MOG, a social networking and blog site for music lovers, is going through some cosmetic changes. Today’s relaunch is designed to leverage a new organizational structure, homepage widgets, and the site’s own editorial staff to transform MOG into a ‘Huffington Post’-like destination for music news.

To date, the bulk of MOG’s following stems from its wealth of music-related blogs. By offering users a free blogging platform and forging syndication agreements with over 300 popular music blogs, the site is currently seeded with over 5,000 music-related posts a week. Along with its blog content, MOG offers dedicated pages for every artist, album, and track featured on its site. Holding all of this together is MOG’s media player plugin, which analyzes users’ listening habits (via PC or MP3 player activity), broadcasting them to other MOG users via its basic social networking interface.

MOG’s setup is simple — like competitors Last.fm and MySpace Music, it offers a mix of social networking and music news. And, like a number of other sites that rely on user-generated content, MOG’s lifeblood is its ad network. However, despite its lineup of features and traffic/revenue (the company averages 5.7 million monthly unique visitors and expects to clear $5 million in revenue in 2009), the site’s homepage has been an organizational train wreck.
 
At the center of this relaunch is a slew of new widgets and a fresh heaping of editorial direction from MOG’s in-house staff. The biggest example at work is the site’s new “Daily Music News” widget, which MOG editors seed with the biggest music stories of the day. In addition to feature stories from major music news outlets, MOG’s editors now scour the site’s blog network around the clock for accompanying user-generated content. This new addition ensures that when a user clicks through to a story featured in the widget, they are also offered a relevant series of posts from MOG users. Previously, the site had virtually no topical relevance in its feeds, instead offering a chronological stream of the site’s most recent posts.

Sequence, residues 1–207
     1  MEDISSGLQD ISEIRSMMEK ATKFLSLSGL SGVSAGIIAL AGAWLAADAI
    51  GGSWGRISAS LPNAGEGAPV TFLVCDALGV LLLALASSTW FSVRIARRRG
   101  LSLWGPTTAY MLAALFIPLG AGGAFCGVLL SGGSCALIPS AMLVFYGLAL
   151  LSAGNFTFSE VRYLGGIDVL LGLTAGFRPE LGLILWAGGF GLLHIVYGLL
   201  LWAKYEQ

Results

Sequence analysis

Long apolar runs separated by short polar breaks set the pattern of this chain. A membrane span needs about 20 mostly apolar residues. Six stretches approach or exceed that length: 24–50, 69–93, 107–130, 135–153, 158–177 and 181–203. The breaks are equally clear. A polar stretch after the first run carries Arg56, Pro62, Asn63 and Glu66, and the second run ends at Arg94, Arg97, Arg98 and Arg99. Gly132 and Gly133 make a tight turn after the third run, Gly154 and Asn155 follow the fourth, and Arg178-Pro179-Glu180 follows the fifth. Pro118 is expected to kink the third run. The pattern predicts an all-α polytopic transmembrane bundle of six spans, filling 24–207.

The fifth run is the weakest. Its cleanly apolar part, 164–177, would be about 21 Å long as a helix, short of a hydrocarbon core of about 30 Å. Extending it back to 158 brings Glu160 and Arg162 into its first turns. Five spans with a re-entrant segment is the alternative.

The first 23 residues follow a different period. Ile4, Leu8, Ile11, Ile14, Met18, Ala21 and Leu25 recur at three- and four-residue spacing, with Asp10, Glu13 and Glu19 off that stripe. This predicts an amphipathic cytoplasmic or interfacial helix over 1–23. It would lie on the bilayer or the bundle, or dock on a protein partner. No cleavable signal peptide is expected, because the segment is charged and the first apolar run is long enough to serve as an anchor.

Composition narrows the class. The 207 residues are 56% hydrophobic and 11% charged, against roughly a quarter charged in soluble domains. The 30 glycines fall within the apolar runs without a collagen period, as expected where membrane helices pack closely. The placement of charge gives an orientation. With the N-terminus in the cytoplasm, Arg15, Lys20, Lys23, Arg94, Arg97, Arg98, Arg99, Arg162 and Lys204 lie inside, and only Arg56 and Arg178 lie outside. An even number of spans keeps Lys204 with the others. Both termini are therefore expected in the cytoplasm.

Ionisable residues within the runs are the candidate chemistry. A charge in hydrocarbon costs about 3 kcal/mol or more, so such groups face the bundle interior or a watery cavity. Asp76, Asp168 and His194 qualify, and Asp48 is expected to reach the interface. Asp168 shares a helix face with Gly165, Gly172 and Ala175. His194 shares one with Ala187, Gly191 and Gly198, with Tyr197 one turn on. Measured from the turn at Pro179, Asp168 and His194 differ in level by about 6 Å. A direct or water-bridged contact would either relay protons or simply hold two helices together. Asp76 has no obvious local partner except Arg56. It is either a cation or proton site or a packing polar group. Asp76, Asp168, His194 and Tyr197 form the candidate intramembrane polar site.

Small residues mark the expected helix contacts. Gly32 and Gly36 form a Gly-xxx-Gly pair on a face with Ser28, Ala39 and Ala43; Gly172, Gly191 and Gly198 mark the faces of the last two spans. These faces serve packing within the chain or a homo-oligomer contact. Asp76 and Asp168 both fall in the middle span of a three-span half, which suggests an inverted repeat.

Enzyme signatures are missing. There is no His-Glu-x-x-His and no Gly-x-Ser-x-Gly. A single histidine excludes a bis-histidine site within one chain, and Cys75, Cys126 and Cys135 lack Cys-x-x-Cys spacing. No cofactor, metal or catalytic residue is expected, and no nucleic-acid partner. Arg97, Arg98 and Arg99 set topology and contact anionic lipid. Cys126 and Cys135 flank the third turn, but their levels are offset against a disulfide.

Though the Daily Music News widget stays at the top of the site, users are free to tweak the site’s additional 24 widgets to their liking. Widgets devoted to artists’ upcoming shows, music recommendations, and MOG’s most popular artists are regularly updated by MOG’s editors, and can be organized and/or removed to a user’s liking. Within this wealth of content and widgets, MOG has also launched a Digg-like voting system for user-generated content, and an algorithm-based system for shifting popular trending topics to the top of users’ feeds.

Improvements like these are likely to be a boon for MOG’s traffic, but that doesn’t mean the site is out of the proverbial woods. On one hand, it’s smart (and cost effective) for MOG to revamp the organization of its user-generated content. Giving users control over the site’s flood of content is likely to produce a better user experience, which is the first step to creating a destination. However, MOG still has some ground to cover on the music streaming front. It’s no secret that the site is working on a music streaming service, but with giants like CBS-owned Last.fm and News Corp-backed MySpace Music already offering music blog, news, recommendation, and streaming services (with partnerships more music labels, no less), it’s clear that MOG has a long way to go before rules the roost.

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